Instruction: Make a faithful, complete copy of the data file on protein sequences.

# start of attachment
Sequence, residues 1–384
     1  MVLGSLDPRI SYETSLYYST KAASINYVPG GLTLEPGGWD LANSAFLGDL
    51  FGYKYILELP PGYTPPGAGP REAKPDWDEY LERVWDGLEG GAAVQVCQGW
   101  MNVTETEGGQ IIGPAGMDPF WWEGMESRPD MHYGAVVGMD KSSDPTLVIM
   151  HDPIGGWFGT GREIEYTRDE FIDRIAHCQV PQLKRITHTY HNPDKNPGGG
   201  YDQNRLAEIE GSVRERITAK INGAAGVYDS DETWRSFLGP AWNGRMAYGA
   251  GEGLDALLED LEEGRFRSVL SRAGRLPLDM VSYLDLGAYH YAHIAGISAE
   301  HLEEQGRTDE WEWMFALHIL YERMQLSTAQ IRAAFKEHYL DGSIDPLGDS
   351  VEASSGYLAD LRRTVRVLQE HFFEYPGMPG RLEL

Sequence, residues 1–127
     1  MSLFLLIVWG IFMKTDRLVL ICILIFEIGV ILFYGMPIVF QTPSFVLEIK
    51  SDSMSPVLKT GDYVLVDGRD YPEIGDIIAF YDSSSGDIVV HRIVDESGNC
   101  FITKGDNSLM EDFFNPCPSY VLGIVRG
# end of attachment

Sequence, residues 1–384
     1  MVLGSLDPRI SYETSLYYST KAASINYVPG GLTLEPGGWD LANSAFLGDL
    51  FGYKYILELP PGYTPPGAGP REAKPDWDEY LERVWDGLEG GAAVQVCQGW
   101  MNVTETEGGQ IIGPAGMDPF WWEGMESRPD MHYGAVVGMD KSSDPTLVIM
   151  HDPIGGWFGT GREIEYTRDE FIDRIAHCQV PQLKRITHTY HNPDKNPGGG
   201  YDQNRLAEIE GSVRERITAK INGAAGVYDS DETWRSFLGP AWNGRMAYGA
   251  GEGLDALLED LEEGRFRSVL SRAGRLPLDM VSYLDLGAYH YAHIAGISAE
   301  HLEEQGRTDE WEWMFALHIL YERMQLSTAQ IRAAFKEHYL DGSIDPLGDS
   351  VEASSGYLAD LRRTVRVLQE HFFEYPGMPG RLEL

Sequence, residues 1–127
     1  MSLFLLIVWG IFMKTDRLVL ICILIFEIGV ILFYGMPIVF QTPSFVLEIK
    51  SDSMSPVLKT GDYVLVDGRD YPEIGDIIAF YDSSSGDIVV HRIVDESGNC
   101  FITKGDNSLM EDFFNPCPSY VLGIVRG